The intraspecific drought tolerance of Betula pendula Roth. : ecotypic aptitude as tree selection criteria for the urban landscape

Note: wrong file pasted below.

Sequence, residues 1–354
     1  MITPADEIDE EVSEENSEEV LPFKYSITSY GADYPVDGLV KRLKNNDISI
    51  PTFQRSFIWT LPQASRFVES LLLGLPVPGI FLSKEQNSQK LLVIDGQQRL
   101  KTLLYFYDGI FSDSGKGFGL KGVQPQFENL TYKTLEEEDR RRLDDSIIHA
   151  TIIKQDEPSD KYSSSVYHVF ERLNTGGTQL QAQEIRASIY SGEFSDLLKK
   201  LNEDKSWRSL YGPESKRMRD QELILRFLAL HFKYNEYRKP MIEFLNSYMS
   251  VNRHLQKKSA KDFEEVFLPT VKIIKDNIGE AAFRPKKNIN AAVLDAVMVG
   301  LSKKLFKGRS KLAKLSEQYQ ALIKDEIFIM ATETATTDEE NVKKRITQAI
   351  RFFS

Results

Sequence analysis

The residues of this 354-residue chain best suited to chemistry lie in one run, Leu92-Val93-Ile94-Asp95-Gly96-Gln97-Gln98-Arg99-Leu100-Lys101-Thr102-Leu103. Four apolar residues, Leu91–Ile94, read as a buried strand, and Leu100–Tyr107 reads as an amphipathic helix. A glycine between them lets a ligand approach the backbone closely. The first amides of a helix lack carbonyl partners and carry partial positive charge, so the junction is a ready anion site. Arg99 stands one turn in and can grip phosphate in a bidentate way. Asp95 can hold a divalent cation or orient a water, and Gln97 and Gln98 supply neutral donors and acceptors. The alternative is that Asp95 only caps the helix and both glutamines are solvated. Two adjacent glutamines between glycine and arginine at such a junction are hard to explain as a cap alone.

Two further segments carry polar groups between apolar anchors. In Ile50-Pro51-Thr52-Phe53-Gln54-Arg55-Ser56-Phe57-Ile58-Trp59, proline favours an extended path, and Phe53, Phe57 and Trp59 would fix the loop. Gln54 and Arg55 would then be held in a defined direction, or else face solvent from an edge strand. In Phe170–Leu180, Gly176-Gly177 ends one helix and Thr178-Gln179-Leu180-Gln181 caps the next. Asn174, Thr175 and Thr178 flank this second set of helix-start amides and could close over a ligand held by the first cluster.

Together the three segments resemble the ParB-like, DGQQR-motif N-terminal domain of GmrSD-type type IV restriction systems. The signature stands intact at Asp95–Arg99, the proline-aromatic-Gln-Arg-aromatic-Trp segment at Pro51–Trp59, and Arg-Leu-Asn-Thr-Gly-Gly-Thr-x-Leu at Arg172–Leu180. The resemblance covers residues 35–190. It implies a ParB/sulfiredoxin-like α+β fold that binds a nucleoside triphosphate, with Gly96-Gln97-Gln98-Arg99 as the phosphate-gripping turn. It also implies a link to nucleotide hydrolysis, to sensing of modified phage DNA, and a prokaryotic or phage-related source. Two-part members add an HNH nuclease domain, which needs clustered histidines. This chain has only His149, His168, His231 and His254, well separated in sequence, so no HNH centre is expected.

Abstract: The ecosystem services provided by urban trees are substantial contributors to the quality of urban living, and their environmentally regulating capabilities are increasingly regarded as integral in order to efficiently secure urban resilience, by ameliorating the human and material impacts of extreme weather events. However, current trends of urban development presents challenges of how to preserve urban greenery ecosystem functioning, particularly in light of the ongoing climate change; which also has brought forth the importance of taxonomically diverse urban forests, to mitigate risks of catastrophic tree loss associated with these conditions. The elevated temperatures and irregular water availability which generally characterizes the highly urbanized landscape thusly necessitates approaches that promotes usage of trees with corresponding adaptations which adequately facilitates survival in spite of such environmental stressors. Such adaptations have previously been studied in species native to similarly tough habitats. But granted the wide distribution of some cosmopolitan tree species, such as Betula pendula Roth., there’s opportunity for significant differential ecotypic variations due to the locally distinct selective pressures, which could be expedient from an urban tree selection perspective and leveraged to further the goal of improved urban forest resilience. To probe this opportunity, the leaf drought tolerance of 13 global B. pendula s.l. proveniences was investigated by measuring leaf osmotic potential at full turgor in order to estimate their hydrological limitations by its firm linear correlation with the turgor loss point (TLP). Local climatic selective pressure was investigated by characterization and statistical comparison of the local climates and atmospheric water balance. The group of European subspecies ssp. pendula was found to be significantly more drought tolerant than the Asiatic subspecies ssp. mandshurica and ssp. szechuanica, at a TLP of -2,75 MPa, compared with -2,28 MPa for both respectively. A linear correlation was found between the birch provenience’s TLP and the local climatic potential evapotranspiration (PET). Though the relationship couldn’t be fully established due to lack of conclusive data; the possible driving factors for this adaptive separation were however discussed, and besides currently acting pressures, the recent evolutionary history of ssp. pendula was highlighted as possibly contributing to the observed results. The modes and extent of drought adaptations in B. pendula were also discussed in the wider context of ecotypic differentiation of other deciduous temperate tree species, along the role of geography. Methods for enhancing the selection of fit ecotypes for the urban landscape were explored, e.g. by using analytical advantages provided by GIS-aided spatial analysis.
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